Posted on Fri, Mar. 12, 2010
last updated: March 12, 2010 10:34:32 PM
ANCHORAGE — Alaska authorities have dispatched teams of hunters to the Chignik Lake area of the Alaska Peninsula to hunt down the wolves they have concluded stalked and killed a special education teacher who apparently was taking a late afternoon run.
Candice Berner, 32, appeared to have been killed Monday evening during a run along a remote road outside the Alaska Peninsula community, according to troopers.
The state medical examiner concluded, following an autopsy Thursday morning, that the cause of death was "multiple injuries due to animal mauling." Based on interviews with biologists and villagers in Chignik Lake, troopers concluded wolves were the animals most likely responsible, troopers spokeswoman Megan Peters said in a statement.
The state Department of Fish and Game still wants to conduct DNA testing to help study the incident, but troopers are convinced it was a wolf attack, troopers director Col. Audie Holloway said. Alaska State Troopers have sent an officer and an R-44 helicopter to assist the state Department of Fish and Game in capturing or killing the wolves, but whiteout condition kept the helicopter grounded on Friday afternoon.
Local hunters, however, were still seeking the wolves on the ground. They had yet to find any, said Johnny Lind, a resident of Chignik Lake and member of the Chignik Advisory Committee to the Board of Game.
Snow was falling on fresh wolf tracks villagers spotted near town this morning and keeping an aerial search on the ground, he said.
"They can't fly right now," Lind said at midafternoon. "It's snow coming straight down. It's almost zero-zero, hardly no visibility."
The U.S. Fish and Wildlife Service, which oversees the nearby Alaska Peninsula National Wildlife Refuge, has a representative in the village to assist state authorities and also approved a 10-day special-use permit allowing state authorities to cross refuge boundaries in pursuit of the wolves, FWS spokesman Bruce Woods said.
"It's something that we only issue when human health or human safety is in question," Woods said. "Even though this didn't take place on refuge lands, there are refuge lands that conceivably they could have to cross over if they were in the act of either trying to capture or kill some of these wolves.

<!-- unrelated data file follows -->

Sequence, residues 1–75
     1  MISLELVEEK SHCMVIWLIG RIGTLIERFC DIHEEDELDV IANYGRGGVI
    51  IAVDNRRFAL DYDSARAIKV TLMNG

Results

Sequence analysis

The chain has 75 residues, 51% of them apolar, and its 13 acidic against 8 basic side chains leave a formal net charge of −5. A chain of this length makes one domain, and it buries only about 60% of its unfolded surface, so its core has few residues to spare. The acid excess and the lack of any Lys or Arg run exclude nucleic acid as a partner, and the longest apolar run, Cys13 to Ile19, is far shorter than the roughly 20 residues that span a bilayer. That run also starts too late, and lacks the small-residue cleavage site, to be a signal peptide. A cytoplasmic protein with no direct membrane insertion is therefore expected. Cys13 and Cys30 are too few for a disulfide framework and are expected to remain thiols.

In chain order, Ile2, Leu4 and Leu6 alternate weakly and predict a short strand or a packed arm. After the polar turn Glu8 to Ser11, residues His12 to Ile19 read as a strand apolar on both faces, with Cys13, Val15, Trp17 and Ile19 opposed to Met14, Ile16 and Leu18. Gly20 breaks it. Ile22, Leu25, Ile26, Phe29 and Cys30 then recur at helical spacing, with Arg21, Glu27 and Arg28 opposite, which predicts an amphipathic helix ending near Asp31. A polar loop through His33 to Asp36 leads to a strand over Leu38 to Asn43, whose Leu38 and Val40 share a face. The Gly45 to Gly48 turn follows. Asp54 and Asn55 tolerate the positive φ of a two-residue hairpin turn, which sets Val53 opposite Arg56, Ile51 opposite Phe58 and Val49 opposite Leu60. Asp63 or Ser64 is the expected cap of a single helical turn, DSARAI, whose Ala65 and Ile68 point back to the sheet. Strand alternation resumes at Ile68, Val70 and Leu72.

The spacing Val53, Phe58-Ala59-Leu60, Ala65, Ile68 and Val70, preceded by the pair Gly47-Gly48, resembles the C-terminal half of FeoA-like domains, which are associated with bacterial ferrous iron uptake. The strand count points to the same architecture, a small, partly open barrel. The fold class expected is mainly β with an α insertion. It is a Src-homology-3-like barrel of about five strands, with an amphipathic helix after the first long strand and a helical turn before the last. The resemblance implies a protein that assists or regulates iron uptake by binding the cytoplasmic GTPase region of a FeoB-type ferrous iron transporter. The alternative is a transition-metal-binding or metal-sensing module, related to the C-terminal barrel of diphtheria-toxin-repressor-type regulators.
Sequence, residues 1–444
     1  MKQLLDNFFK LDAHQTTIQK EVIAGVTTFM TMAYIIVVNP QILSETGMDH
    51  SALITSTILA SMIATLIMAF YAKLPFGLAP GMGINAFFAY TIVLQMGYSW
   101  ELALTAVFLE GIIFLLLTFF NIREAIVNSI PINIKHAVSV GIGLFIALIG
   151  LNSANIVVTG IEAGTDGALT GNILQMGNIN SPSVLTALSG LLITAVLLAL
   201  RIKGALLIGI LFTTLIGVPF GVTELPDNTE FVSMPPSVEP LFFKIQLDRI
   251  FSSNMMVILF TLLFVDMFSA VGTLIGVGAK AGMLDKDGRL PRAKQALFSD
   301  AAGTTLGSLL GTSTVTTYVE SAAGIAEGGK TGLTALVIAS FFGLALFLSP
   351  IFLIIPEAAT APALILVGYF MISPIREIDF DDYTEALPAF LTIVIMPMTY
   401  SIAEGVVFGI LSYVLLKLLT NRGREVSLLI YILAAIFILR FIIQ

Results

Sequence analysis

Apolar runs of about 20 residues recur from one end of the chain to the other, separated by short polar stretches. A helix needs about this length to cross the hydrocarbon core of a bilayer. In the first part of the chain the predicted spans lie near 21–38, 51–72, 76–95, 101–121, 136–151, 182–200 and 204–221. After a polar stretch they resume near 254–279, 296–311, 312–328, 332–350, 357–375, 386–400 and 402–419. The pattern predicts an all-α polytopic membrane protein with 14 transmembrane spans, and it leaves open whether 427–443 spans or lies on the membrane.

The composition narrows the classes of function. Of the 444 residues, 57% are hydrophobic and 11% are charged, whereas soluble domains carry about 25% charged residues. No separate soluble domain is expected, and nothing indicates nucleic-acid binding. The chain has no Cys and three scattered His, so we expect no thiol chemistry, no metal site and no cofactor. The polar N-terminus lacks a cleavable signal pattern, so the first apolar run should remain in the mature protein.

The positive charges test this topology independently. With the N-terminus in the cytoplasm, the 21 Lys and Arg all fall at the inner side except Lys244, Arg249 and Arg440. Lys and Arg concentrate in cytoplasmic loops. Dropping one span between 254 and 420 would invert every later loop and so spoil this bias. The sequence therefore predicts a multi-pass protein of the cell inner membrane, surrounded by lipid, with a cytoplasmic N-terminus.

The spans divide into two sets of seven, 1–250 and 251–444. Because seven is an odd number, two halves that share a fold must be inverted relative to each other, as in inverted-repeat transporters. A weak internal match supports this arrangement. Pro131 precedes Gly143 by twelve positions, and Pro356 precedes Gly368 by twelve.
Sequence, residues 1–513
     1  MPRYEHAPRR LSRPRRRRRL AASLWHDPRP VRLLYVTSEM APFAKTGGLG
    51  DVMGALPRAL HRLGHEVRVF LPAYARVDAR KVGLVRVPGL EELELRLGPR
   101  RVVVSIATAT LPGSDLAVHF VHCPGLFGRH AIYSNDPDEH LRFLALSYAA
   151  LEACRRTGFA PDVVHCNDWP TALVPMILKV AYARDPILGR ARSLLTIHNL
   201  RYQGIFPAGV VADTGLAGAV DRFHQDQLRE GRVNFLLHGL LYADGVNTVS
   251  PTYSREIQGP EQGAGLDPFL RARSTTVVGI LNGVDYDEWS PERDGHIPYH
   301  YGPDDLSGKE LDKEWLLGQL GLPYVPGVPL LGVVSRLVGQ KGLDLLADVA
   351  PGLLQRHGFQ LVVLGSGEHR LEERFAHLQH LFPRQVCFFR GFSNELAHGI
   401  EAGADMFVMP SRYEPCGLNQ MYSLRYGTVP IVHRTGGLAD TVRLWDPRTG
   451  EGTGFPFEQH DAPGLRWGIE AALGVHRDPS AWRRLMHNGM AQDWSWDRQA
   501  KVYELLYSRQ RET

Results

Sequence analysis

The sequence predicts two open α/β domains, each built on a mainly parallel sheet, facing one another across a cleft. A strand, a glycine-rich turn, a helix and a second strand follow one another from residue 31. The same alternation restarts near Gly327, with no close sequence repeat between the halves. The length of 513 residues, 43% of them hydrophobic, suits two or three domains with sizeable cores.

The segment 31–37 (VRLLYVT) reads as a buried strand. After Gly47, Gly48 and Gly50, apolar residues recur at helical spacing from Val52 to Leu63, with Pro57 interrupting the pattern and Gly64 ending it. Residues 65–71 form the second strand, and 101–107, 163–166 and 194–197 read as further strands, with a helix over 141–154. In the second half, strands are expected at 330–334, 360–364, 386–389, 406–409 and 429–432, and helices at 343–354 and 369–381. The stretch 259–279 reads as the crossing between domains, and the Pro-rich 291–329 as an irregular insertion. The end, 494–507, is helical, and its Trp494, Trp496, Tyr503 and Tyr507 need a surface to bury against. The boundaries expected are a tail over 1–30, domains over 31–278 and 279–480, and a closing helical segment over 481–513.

"Normally aerial predator control isn't allowed on refuge lands."
Berner, originally of Slippery Rock, Pa., was found dead Monday off the gravel road by a group of snowmachiners. An autopsy conducted Thursday determined she was killed in an animal mauling, and troopers concluded wolves were the most likely culprits.
Troopers investigating the scene found many wolf paw prints around the body, which had been partially eaten, and bloody drag marks in the snow, he said. Investigators were able to conclude after the autopsy that the animal injuries caused the death and were not inflicted post-mortem, he said.
"She was bleeding as she was being moved, being drug, and the damage to the throat," Holloway said. "The medical examiner concluded that she wasn't killed by any other method and that the damage to the throat was severe. There were animal bite marks on the throat.
"Wolves, just like big cats, usually attack the wind pipe area and try to control the victim that way."
It appeared the attack was predatory, motivated by wolves wanting something to eat, he said.
Berner, a special education teacher based in Perryville, was originally from Slippery Rock, Pa., and arrived in Alaska last August. She stood about 4 feet 11 inches tall and was an athletic person, an avid runner, according to her family. Officials from the Lake and Peninsula School District said Berner, who rotated among five villages and arrived in Chignik Lake on Monday, left work at the end of the day to go for a run.